Returning back to a more western setting...I've always loved cowboys, horses, and the "wild west." I've also always loved the idea of the state fairs, and I featured a snippet of both in my story for the Blue Ribbon Brides collection, Front Paige Love, only that one featured Doc Carver and his traveling stunt show with diving horses, which had its height during the late 1920's and Depression-era in the US.
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From Real Life to Vaudeville Performance!
The year is 1883, and the month is May. Just 125 years ago. The inspiration began a few years earlier, though. William F. Cody was a real-life buffalo hunter, U.S. Army scout, and guide. In 1869, author Ned Buntline wrote a "dime novel" about Cody called Buffalo Bill, the King of Border Men, after the two met on a train from California to Nebraska. In December 1872, Buntline’s novel turned into a theatrical production and launched Cody's career in live performances.
|Poster showing Buffalo Bill's Wild West and Congress|
of Rough Riders of the World, c. 1898.
Features such as the Pony Express, the wagon train, or the attack on the stagecoach recreated specific and well-known events. Spectacles such as “cowboy fun” or the showcasing of American Indian life usually served as a prelude to a dramatic event, such as a battle scene. Skill acts such as sharp shooting (with pistol and rifle), wing shooting (with shotgun), roping, and riding not only showcased star performers, the show’s narration linked those skills to survival in the frontier West.
|Sitting Bull and Buffalo Bill (1885)|
Some famous names came out of performing in Buffalo Bill's shows, or other similar ones at the time. Names like Will Rogers, Bill Picket, Buck Taylor, Annie Oakley, Calamity Jane, Texas Rose, Chief Sitting Bull, Red Cloud, and Geronimo.
Circus great James A. Bailey, of Barnum & Bailey, joined Cody and Salsbury in 1895 and revolutionized their travel arrangements. The show was loaded onto two trains totaling fifty or more cars. Strings of flat cars could be linked together with ramps for loading wagons from the back forward. Besides performers and staff, the trains transported hundreds of show and draft horses and as many as thirty buffalo. The show carried grandstand seating for twenty thousand spectators along with the acres of canvas necessary to cover them. The arena itself remained open to the elements. Advance staff traveled ahead of the show to procure licenses and arrange for the ten to fifteen acres required for the show lot, preferably close to the railroad; to buy the tons of flour, meat, coffee, and other necessities; and to publicize and advertise.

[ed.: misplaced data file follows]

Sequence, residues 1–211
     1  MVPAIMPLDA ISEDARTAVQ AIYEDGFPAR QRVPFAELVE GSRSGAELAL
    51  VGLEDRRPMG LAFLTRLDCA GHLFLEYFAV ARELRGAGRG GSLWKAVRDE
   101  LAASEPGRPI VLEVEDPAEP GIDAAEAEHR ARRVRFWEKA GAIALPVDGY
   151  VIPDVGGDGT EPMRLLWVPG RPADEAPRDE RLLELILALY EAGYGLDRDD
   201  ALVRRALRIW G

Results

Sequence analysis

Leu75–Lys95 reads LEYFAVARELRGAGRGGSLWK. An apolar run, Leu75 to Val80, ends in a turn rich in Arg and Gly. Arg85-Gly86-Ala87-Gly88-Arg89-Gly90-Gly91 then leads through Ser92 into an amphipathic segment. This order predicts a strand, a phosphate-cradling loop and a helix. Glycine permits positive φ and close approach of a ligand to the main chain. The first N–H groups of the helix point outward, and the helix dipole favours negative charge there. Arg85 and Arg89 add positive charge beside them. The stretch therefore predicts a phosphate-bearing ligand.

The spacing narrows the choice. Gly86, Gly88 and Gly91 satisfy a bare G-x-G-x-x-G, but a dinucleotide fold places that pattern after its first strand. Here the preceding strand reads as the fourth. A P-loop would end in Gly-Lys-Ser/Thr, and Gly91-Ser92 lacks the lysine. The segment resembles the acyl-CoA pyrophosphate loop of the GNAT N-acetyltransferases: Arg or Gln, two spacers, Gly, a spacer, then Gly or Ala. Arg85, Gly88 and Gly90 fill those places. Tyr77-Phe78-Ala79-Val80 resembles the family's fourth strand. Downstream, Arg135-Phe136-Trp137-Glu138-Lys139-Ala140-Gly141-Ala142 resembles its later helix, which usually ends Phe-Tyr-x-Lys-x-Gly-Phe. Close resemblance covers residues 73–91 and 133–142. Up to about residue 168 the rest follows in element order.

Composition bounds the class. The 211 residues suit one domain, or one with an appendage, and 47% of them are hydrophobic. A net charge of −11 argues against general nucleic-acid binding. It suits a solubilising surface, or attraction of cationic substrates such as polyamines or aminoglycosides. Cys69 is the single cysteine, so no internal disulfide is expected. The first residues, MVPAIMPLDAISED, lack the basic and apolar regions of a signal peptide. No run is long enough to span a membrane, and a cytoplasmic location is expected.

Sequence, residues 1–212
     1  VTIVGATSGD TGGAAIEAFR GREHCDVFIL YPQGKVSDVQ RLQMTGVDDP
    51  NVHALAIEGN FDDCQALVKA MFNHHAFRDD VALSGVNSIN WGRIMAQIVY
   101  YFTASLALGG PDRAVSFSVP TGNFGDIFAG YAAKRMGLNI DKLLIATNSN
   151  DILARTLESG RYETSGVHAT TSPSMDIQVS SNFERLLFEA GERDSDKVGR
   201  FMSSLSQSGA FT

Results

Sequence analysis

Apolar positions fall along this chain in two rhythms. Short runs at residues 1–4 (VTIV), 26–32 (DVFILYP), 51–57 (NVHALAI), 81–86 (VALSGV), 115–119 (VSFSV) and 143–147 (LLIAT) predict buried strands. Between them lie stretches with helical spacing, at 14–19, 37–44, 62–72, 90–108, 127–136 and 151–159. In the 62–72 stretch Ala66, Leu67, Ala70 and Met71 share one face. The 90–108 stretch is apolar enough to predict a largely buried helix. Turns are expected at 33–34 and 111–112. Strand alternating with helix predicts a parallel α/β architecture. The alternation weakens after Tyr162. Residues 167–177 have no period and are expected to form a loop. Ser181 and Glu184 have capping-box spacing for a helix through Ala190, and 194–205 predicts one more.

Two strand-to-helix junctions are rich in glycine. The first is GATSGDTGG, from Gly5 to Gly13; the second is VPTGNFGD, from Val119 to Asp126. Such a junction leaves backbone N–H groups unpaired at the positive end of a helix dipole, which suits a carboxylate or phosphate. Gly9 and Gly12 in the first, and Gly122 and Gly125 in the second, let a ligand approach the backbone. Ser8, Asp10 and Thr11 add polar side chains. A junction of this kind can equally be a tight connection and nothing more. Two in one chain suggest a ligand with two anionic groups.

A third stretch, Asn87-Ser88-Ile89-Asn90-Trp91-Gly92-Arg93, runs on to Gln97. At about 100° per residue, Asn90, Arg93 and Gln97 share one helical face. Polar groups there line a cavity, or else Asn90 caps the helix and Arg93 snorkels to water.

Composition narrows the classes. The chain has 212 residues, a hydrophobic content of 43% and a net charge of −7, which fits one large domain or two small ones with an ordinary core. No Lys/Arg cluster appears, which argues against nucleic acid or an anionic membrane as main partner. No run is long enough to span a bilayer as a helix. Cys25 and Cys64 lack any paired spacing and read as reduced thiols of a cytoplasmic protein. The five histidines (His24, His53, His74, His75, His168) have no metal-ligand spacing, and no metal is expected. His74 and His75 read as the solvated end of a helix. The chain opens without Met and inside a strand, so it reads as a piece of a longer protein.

In 1899, Buffalo Bill’s Wild West covered over 11,000 miles in 200 days giving 341 performances in 132 cities and towns across the United States. Most places featured a parade and two 2-hour performances. Then the whole show would be struck, loaded, and moved overnight to the next town. I remember being impressed by traveling carnivals as a little girl, admiring how quickly they would arrive in town, set up, entertain, then tear down and be gone! Buffalo Bill's show even makes these carnivals pale in comparison.
By far, the most lasting legacy of the Wild West shows is the depiction of romance and conquest, based on real people and events created and disseminated across boundaries of race, class, and geography. Western shows generated interest for Western entertainment. This is still evidenced in western films, modern rodeos, and circuses, still employing the same events and skills as cowboys did in Wild West shows. I don't know about you, but give me a good book or movie set in the "wild west," and I'm entertained for hours!
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NOW IT'S YOUR TURN:
* Have you ever been to a rodeo? Ever participated in one?
* If you lived during the time Buffalo Bill's shows were touring, what part would you want to see the most? Why?
* If you were to be *part* of a wild west show, what role would you love to fulfill?
* What did you like most about today's post?
Tiffany Amber Stockton has been crafting and embellishing stories since childhood, when she was accused of having a very active imagination and cited with talking entirely too much. Today, she has honed those childhood skills to become an author and speaker who works in the health & wellness and personal development industry, helping others become their best from the inside out. She is also an educational consultant with Usborne Books.
She lives with her husband and fellow author, Stuart Vaughn Stockton, along with their two children and Nova, their Shiba Inu mix, in Colorado. She has sold twenty (21) books so far and is represented by Tamela Hancock Murray of the Steve Laube Agency. You can find her on Facebook, Twitter, GoodReads, and LinkedIn.